PDs may or may not actually be happening in Miles Davis' rhythm section on the Kinda Blue
album (we can't yet make measurements from old recordings), but one drummer in Buffalo,
N.Y. thinks that it is. What did Jimmy Cobb think he was doing? What did he actually do?
How about the other two players? We don't know. And most people ignore or are ignorant
about these matters. My only point here is that PDs exist, one player can generate them to
create a groove, and two or more players are generating many, many PDs moment by moment
in any cooking rhythm section or band.

Similarly, children learning to drum and dance and sing are generating PDs and grooves. Are
we generating enough PDs? Do our individual "imps" mesh magically? Are the grooves
getting better, stronger, from day to day and week to week? We don't need any scientific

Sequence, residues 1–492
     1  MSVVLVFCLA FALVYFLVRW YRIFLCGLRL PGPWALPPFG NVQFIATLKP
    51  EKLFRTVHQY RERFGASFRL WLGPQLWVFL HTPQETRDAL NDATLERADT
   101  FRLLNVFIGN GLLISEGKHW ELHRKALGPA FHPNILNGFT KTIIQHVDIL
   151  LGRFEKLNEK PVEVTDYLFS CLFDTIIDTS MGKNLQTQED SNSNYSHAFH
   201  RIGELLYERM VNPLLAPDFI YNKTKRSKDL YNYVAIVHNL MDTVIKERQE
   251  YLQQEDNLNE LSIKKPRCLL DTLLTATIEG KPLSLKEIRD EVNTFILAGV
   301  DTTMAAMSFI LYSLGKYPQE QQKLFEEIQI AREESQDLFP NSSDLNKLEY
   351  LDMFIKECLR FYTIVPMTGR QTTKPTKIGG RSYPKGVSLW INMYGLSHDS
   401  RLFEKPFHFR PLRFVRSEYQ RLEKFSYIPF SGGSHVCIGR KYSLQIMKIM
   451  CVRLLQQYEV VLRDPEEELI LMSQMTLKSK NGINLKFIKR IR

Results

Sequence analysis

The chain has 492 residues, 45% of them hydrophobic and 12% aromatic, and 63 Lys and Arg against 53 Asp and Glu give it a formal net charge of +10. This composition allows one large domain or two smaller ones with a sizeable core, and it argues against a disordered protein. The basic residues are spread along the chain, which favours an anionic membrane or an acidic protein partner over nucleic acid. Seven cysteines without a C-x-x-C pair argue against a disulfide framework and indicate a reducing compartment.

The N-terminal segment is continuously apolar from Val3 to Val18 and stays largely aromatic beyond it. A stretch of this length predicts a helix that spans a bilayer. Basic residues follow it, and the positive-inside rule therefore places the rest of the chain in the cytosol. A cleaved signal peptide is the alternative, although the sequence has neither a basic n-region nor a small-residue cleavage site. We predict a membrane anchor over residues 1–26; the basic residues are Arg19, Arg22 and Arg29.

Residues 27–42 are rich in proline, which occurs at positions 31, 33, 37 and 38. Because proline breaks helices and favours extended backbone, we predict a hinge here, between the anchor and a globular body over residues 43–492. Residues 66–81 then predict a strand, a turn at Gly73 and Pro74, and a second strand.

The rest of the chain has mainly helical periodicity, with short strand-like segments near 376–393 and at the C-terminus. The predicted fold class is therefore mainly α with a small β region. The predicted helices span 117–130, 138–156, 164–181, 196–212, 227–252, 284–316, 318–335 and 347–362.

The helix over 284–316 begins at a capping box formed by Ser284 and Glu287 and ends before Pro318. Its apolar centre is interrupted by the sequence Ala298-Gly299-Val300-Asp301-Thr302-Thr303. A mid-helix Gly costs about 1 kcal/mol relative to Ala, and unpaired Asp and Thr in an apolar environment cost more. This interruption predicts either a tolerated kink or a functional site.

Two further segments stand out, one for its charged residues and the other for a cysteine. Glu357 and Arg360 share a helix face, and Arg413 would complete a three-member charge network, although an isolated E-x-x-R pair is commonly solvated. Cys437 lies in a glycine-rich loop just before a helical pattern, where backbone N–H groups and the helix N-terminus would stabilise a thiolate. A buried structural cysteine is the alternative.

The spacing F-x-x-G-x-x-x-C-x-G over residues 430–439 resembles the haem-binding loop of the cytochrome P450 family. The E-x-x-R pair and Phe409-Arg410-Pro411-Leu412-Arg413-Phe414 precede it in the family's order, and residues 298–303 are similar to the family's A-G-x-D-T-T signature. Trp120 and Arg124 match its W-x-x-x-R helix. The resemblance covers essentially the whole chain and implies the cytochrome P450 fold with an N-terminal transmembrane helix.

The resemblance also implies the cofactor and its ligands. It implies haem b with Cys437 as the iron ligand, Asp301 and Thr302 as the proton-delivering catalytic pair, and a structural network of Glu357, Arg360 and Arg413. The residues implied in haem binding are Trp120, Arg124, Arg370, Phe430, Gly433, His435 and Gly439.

measurements to find out. Anyone can see the smile, feel the glow from a child who is
"getting it" and "getting into the groove." And the energy in a group of children who are into
a groove and feeling it can stimulate a lot of smiles and tears of happiness in adults who are
lucky enough to witness it.

Pat Campbell [1] :


"Groovy" was corny soon after it was coined in the late 1960s, but groove has returned (with
the "y" missing) to establish itself as musicking in tune and in time. Perhaps not precisely
that, because a groove allows singers, players, and dancers the permission, the leeway, to be
personally expressive within the framework. All too rarely does school music hit its stride,
developing a groove the children want and need. All too often it's back to perfectionism and